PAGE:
Hiromi Highlights the Japan America Society of Minnesota’s Harukaze


The people at the Dakota Jazz Club and Restaurant, 1010 Nicollet Mall, Minneapolis, are not strangers to jazz pianist and composer, Hiromi Uehara, nor is she a stranger to them; she has played there four times in the last few years. Her engagement at the club on June 17th to June 19th turned out to be something special. The Japan America Society of Minnesota (JASM) sponsored Monday, June 18 and Tuesday, June 19 of her appearance as its 2007 and fourth Harukaze (Festival of the Arts).

Consul General of Japan at Chicago, Kenji Shinoda and his wife Yuko made a special trip to Minneapolis to see Hiromi and her band, Hiromi’s Sonicbloom perform and attended a special dinner at the Dakota in his and Mrs. Shindo’s honor.

Of course, the Consul General came to see a raising Japanese musician and composer who was not only building bridges of understanding between America and Japan, but bridges worldwide. Since her appearance at the Dakota last month she has had dates in the U.K., Canada, Spain and Italy. On July 29 she will start a Japan tour of four cities.

People will tell you Hiromi is different, energetic, progressive … She moves when she plays throwing her head back, standing and sitting. She will turn and play her keyboard jetting from the side of the piano and stretching past her piano stool, sometimes playing the keyboard with her right hand and the piano with her left.

Amazon.com says, “…Hiromi practices an art of surprises, touching on video game tempos and Bill Evans harmonics as she arranges tradition and novelty in fresh configurations.”

“I’m very focused in the music that I play … it’s more about energy than notes — what kind of atmosphere I want to create and what kind of energy I want to express,” Hiromi says

When Hiromi was six, her first piano teacher, helped her with that focus. “When she wanted me to play with a certain kind of dynamics, she wouldn’t say it in technical terms. If the piece was something passionate, she would say, ‘play red.’ Or if it was something mellow she would say, ‘play blue.’ I could really play with my heart that way, and not just my ears.”

Young Hiromi soon moved to the Yamaha School of Music, playing and composing with her heart and ears. She was performing in public at 12. At 14 she went to Czechoslovakia and played with the Czech Philharmonic.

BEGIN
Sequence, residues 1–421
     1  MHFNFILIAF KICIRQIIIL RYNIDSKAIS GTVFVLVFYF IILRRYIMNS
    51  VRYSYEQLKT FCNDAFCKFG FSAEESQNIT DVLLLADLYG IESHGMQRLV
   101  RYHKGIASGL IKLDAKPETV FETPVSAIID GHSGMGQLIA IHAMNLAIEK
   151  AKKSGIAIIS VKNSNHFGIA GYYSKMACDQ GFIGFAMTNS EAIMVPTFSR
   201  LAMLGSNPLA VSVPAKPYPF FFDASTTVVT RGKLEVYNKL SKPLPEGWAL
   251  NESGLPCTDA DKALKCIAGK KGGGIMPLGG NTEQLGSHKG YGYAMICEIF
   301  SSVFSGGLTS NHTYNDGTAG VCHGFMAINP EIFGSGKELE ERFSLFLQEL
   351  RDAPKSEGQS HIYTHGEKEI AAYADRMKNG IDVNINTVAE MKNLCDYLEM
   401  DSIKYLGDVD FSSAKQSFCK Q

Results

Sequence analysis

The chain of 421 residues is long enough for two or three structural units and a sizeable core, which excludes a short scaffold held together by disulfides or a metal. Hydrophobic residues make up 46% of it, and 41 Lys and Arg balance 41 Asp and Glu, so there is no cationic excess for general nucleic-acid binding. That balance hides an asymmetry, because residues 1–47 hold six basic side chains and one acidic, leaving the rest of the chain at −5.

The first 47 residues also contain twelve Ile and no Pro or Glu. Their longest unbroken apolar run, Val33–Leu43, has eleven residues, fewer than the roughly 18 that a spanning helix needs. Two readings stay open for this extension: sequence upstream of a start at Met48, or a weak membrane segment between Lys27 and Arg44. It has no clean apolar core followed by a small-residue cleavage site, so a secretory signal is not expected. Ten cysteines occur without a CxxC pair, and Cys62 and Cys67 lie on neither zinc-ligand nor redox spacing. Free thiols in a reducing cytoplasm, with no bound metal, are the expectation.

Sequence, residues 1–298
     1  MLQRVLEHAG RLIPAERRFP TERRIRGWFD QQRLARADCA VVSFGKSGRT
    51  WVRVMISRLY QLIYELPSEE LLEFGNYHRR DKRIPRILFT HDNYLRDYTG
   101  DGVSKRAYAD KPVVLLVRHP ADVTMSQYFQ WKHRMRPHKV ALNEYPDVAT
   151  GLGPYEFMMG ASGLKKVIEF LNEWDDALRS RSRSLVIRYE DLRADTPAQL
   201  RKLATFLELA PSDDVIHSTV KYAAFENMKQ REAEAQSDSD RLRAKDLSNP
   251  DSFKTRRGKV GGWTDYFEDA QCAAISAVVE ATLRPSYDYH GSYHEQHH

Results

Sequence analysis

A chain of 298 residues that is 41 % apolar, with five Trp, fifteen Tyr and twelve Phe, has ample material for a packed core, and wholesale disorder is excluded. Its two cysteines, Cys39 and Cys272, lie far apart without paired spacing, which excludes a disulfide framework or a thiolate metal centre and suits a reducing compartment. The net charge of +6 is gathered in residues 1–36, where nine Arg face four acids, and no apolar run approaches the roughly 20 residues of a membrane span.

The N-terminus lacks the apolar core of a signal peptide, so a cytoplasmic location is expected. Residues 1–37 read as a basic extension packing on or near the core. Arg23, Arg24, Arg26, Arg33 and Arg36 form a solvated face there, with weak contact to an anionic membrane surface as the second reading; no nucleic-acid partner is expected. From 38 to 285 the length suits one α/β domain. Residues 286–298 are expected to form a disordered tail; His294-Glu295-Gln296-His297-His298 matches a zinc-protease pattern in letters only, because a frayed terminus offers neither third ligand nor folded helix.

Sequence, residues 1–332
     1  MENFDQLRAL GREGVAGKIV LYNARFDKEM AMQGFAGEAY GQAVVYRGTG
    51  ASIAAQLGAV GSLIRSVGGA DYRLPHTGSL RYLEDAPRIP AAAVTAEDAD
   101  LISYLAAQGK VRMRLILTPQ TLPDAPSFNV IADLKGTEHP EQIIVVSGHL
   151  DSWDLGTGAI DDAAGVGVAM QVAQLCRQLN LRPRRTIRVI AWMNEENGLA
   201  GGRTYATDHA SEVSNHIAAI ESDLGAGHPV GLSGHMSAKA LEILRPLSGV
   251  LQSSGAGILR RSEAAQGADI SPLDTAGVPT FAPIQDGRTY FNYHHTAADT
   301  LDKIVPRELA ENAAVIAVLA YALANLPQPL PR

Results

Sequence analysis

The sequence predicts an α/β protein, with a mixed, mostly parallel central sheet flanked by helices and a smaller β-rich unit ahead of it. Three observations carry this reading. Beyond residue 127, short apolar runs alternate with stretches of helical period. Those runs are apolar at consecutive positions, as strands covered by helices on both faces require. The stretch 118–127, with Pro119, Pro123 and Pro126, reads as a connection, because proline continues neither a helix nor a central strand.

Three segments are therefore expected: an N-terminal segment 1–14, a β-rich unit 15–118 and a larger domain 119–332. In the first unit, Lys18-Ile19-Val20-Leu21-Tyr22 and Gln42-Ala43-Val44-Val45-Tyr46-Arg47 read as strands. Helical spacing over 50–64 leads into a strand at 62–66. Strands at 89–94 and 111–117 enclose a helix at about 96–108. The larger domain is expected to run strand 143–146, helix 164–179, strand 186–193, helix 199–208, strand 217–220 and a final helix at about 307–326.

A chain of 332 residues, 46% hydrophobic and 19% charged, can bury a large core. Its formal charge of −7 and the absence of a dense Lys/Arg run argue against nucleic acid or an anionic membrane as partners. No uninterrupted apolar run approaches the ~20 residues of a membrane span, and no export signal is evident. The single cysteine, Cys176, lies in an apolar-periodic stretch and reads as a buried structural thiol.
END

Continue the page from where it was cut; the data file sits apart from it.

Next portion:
By the time she was 17 and still taking lessons at Yamaha, she met famed American jazz pianist Chick Corea, who was visiting Yamaha. He asked her if she could improvise, she said yes and they sat at two pianos and improvised together. Corea was impressed and invited Hiromi to a concert he was playing the following night. Just before the concert ended, he called Hiromi to the stage and to the delight of the audience they improvised on two pianos.

In 1999 she came to America and enrolled in Boston’s Berklee College of Music. She found the culture was different from Japan but found people aiming for the same goal in music. “It’s such a great thing and there were so many people and so many people to be important in my life.”

One of those important people was famed jazz pianist and composer, Ahmad Jamal. In 2003 he co-produced with bassist Richard Evans, Hiromi’s first album from Talarc — Another Mind.

“Hiromi continues to change the musical landscape everywhere she performs,” says Jamal. “Her music, together with her overwhelming charm and spirit, causes her to soar to unimaginable musical heights. She is nothing short of amazing.”

Her latest and fourth album for Talarc is Time Control. “I find myself at airports with more time to think about time, and I often wonder, am I controlling time or is time controlling me?”

She and the musicians in her band: bassist Tony Grey, drummer Martin Valihara and fretted and fretless guitarist David “Fuze” Fiucynski control Hiromi’s compositions dedicated to time quite well. It has been said that Time Control is the sound of progressive jazz for the next generation.

Numbers from the album were played during Hiromi’s June Dakota date and thrilled not only her fans from the next generation but fans of all jazz generations.

At one time during the program her musicians left the bandstand leaving Hiromi alone sitting at the Yamaha grand where she played to the delight of all who saw and heard, the music of another composer, George Gershwin. And she played his “I Got Rhythm” with the same gusto she played her own music enchanting her audience, and you can be sure if Gershwin had been there in spirit, he too would have been enchanted.